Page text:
Category: Spin by Government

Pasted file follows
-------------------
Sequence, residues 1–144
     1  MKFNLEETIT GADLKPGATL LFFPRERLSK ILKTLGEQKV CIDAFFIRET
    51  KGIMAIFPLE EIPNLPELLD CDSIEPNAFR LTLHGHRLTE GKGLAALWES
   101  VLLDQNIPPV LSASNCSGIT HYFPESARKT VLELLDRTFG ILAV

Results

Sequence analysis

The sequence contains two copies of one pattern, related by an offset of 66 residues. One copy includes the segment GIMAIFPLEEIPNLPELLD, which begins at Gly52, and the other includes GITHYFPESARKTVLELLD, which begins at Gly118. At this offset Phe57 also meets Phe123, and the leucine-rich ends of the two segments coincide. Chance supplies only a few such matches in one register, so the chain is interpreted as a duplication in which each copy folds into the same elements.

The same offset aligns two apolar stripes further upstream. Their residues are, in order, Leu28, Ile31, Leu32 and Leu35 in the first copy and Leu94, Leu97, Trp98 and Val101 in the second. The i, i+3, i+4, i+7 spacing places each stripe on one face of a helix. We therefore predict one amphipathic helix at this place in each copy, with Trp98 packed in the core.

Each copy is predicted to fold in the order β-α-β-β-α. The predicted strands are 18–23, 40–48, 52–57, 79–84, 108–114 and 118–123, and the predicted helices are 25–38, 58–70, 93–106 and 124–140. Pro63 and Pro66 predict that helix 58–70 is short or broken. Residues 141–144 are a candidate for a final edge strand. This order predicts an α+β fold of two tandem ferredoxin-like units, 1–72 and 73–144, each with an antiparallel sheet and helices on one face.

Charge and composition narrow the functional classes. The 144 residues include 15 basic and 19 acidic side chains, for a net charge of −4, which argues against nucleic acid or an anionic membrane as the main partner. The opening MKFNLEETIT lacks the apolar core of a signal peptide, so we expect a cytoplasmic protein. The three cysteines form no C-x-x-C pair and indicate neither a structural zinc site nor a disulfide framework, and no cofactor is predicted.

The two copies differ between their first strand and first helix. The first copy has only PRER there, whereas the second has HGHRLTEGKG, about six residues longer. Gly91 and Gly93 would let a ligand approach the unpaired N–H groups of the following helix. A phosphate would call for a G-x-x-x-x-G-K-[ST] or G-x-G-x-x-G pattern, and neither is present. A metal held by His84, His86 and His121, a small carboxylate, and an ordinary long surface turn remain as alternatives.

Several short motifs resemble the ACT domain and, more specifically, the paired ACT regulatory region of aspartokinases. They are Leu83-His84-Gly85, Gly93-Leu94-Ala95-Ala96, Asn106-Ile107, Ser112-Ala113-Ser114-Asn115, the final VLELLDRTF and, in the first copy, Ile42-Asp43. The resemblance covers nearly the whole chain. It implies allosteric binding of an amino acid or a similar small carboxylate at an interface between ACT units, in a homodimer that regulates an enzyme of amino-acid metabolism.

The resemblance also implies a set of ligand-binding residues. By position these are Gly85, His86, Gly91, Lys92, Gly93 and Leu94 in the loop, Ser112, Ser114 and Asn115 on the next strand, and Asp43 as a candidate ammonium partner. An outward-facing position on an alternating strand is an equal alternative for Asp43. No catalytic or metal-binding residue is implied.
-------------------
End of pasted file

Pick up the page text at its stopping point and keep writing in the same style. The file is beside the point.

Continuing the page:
If ever an anti-spin award is introduced for public servants, perhaps the first recipient should be General Sir Richard Dannatt, head of the British Army, who is currently the target of a New Labour campaign of vilification.  Once Labour’s leading apologist, Lord Foulkes, entered the fray and started parroting the anonymous smears of the Blair-Brown spin machine, General Dannatt must have known he had finally made his mark. In his three years as chief of the general staff, he made what he believed was a principled stand: he was determined to speak openly in a “considered and calculated” way about the Army’s needs and was quite prepared to stand up to Labour’s spin doctors. Despite being briefed against, he has returned regularly to the subject of soldiers’ pay, medical care and living conditions and more importantly warned publicly of the dangers of overstretch due to the demands of the military campaigns in Iraq and Afghanistan. Soon after his appointment in 2006, he broke with tradition and instead of conducting a private dialogue with the government he urged the then Prime Minister Tony Blair to accept that British troops would have to be withdrawn “soon” from Iraq or the demands that were being made would seriously damage the effectiveness of the army. Dannatt used to an exclusive interview with the Daily Mail (“We must quit Iraq, says new head of the Army”, 13.10.2006) and a BBC interview on Today to warn that the Iraq campaign could “break” the army unless troop levels were drawn down in order to meet the increased commitment in Afghanistan.  Dannatt’s candour encouraged other service chiefs to speak publicly about their concerns and in recent months there has been a healthy debate – and much more openness – about military thinking, equipment shortages and the like. But when Dannatt returned a week ago from his final visit to Iraq with what he said was a shopping list of requests on behalf of the armed forces in Afghanistan – “more boots on the ground” were required --  the government’s spin machine retaliated. Dannatt had made the point that he had been forced to borrow an American helicopter to visit front-line troops, a highly symbolic statement given the fact that the mounting loss of British soldiers – 18 casualties within a month – was being blamed on the lack of helicopters.  “Keep out of helicopter politics, Army told” was the front-page headline in The Times (16.7.2009) over a report that unnamed Labour sources had accused General Dannatt of playing politics.   But such was the public’s concern over troop losses and the damage being inflicted on the government that the Secretary of State for Defence, Bob Ainsworth, had to order his junior ministers to stop briefing against Dannatt  Nonetheless Lord Foulkes kept up the offensive and told the House of Lords that the head of the army should be reminded of the “importance of loyalty” and rebuked for making comments which “give succour to the enemy”. General Dannatt, who steps down in August, should perhaps be considered for an anti-spin award because of his determination to put his head above the parapet and lead a public debate on the level of support that the army needs.  He said the first thing he did early in 2006 on becoming chief of the general staff was to send a letter to the then Secretary of State for Defence, Des Browne, explaining his concerns. That led to a meeting of an hour and a quarter at which he discussed these issues, “including whether or not I had the freedom to speak publicly”  “I then spoke publicly. So if anyone thinks I was discourteous to speak behind the minister’s back, in fact I wrote to him and discussed those things with him.  “Soldiers knew I would be fighting their case inside the tent and they needed to know their boss was out there putting their case for them and their operations…and every word was considered and calculated”. General Dannatt said he was convinced that military business had to be conducted within a political frame work. “Yes of course there is a line which generals speaking publicly should not cross.  If some people think I have crossed it, that is their judgement and I respect their judgement. I don’t believe I crossed it. I will look back over my shoulder with no regrets on my three years as chief of the general staff”. Not only should General Dannatt be rewarded for being prepared to speak publicly and openly about the Army’s demands but he should also be congratulated on his ability command the news agenda, an ability he demonstrated by offering journalists timely and sometimes exclusive access. 22.4.2007